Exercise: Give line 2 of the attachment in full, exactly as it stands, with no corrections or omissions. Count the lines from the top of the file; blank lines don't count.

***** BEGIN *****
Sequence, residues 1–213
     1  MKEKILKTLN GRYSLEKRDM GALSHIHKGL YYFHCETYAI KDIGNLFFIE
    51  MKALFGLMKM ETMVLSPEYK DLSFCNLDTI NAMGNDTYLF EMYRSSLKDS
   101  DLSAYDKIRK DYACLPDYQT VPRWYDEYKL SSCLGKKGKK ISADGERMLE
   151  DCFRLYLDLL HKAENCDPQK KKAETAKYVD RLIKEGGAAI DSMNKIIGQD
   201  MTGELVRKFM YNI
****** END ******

     1  MKEKILKTLN GRYSLEKRDM GALSHIHKGL YYFHCETYAI KDIGNLFFIE